I have trained a regressor to predict the revenue generated when users click on an ad impression. Only few clicks eventually lead to positive revenue. As such, I have used the Tweedie regression in XGBoost to train the model.

My question is, how many samples do i need to train on for a given ad to have confidence in its prediction? Is there a way to compute the margin of error?

I am familiar with computing the margin of error for classification tasks (sample proportions). However, I am not sure how to do this for sample mean.

When I searched online, most texts (for example) state that one needs to know thee population standard deviation in order to compute the margin of error. But that itself is unknown here.

My idea is that, I can define a margin of error (say 1% of sample mean) and see if the given sample size gives me a margin of error less than this threshold. I can use this formulation to compute a minimum sample size.

I don't have a formal stats background. So, might be totally off here.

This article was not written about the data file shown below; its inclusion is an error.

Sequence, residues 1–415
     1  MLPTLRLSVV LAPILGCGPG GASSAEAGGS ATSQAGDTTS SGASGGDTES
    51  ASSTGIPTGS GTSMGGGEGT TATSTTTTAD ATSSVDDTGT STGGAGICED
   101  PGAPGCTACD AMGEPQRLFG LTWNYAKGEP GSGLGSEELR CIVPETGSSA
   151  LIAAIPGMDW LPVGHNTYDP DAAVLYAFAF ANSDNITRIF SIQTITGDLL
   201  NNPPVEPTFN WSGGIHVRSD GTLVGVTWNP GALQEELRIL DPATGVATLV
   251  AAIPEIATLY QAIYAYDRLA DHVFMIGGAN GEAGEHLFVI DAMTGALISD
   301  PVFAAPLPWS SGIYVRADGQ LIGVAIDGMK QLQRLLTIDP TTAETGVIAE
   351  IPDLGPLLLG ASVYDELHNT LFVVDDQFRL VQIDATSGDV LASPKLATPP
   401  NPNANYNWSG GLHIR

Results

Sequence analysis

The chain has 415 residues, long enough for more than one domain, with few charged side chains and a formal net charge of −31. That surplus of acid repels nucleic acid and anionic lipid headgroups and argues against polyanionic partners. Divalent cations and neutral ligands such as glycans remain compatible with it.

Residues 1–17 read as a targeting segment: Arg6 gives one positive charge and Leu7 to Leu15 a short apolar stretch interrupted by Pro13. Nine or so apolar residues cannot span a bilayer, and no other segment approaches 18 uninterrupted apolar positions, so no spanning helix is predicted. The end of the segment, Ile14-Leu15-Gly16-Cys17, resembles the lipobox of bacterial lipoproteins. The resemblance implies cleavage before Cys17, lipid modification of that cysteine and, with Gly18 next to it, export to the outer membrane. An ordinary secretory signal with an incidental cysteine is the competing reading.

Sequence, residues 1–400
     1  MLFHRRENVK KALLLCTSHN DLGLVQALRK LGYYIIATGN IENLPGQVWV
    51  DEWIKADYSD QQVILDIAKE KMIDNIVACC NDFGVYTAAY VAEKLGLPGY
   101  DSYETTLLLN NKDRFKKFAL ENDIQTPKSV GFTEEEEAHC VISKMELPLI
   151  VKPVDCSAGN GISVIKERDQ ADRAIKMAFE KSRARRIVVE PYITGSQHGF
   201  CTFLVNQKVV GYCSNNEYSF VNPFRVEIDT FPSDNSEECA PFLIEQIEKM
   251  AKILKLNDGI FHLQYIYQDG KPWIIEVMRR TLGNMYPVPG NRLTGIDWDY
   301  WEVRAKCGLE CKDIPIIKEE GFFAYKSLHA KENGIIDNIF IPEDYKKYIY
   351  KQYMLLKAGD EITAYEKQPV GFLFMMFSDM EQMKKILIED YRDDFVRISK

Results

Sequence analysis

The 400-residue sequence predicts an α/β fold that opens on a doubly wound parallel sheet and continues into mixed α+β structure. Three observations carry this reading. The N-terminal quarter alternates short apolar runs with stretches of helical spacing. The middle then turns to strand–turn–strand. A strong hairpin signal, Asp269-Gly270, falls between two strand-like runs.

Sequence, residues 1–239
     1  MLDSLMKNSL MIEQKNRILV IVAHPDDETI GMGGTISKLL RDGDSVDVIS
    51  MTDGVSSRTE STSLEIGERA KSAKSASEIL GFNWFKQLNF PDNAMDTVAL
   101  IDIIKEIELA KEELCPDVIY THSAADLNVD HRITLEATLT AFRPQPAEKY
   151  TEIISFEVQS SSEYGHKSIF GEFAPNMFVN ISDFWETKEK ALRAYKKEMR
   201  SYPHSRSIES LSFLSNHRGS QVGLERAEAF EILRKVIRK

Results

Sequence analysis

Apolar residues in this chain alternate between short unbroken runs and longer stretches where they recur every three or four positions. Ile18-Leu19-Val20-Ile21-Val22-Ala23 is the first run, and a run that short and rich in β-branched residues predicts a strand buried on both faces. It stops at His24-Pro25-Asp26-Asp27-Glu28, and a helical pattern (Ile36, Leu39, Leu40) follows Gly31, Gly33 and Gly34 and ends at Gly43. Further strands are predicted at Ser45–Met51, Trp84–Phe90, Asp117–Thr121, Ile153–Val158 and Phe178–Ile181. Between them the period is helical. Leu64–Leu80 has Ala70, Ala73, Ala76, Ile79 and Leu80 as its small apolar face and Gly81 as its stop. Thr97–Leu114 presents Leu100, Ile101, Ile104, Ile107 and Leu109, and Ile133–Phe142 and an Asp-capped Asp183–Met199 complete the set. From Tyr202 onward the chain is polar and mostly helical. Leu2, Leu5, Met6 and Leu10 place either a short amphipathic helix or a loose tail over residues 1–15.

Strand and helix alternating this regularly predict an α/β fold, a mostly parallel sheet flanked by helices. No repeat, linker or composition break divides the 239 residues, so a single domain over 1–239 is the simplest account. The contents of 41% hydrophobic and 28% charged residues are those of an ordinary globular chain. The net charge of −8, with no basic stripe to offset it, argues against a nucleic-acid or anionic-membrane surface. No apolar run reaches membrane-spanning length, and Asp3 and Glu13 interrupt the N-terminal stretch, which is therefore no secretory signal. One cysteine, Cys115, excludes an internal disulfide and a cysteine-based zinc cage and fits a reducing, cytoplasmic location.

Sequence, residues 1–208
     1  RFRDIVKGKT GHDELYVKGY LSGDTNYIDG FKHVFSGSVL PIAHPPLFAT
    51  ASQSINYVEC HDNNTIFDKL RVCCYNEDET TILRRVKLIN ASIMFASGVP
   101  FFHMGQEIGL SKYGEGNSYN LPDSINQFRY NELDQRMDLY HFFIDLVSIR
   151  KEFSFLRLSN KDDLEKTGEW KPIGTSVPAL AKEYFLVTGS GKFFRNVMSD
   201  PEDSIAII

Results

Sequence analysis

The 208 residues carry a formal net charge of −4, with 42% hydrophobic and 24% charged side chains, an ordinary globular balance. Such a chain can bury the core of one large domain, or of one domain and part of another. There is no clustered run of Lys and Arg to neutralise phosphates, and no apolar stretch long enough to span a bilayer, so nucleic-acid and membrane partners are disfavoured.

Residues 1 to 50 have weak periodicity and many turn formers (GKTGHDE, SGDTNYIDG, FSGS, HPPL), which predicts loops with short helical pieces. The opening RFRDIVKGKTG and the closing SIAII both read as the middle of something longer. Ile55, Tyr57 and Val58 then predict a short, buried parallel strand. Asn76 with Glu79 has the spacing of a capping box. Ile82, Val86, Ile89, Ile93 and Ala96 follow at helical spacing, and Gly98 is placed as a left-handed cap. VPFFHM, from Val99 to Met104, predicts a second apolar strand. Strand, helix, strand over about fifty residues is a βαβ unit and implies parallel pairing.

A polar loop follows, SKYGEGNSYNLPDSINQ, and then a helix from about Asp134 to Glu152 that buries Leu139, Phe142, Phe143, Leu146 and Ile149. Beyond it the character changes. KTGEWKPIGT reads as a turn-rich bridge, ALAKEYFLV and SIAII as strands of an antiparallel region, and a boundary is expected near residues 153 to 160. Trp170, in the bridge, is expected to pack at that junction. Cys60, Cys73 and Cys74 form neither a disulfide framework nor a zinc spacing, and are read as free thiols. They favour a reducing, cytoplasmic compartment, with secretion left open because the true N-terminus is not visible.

1 Answer 1


You can use the sample standard deviation to estimate the population standard deviation (using the Bessel correction, for example), and then compute a standard $ t $-statistic with this information. Under assumptions of normality, the distribution of the test statistic is well known, so you can use standard $ p $-value tables to create a hypothesis test, which will give you a confidence interval for the population mean given the sample mean.

If the assumption of normality is not met, then depending on your sample size you might have to be careful; but the estimator is asymptotically normal, so as long as the true distribution is not too far from a normal (doesn't have high kurtosis relative to the sample size and so forth) you can reliably use these $ t $-statistic tables to get confidence intervals, i.e. margins of error.


Your Answer

By clicking “Post Your Answer”, you agree to our terms of service and acknowledge that you have read and understand our privacy policy and code of conduct.

Not the answer you're looking for? Browse other questions tagged or ask your own question.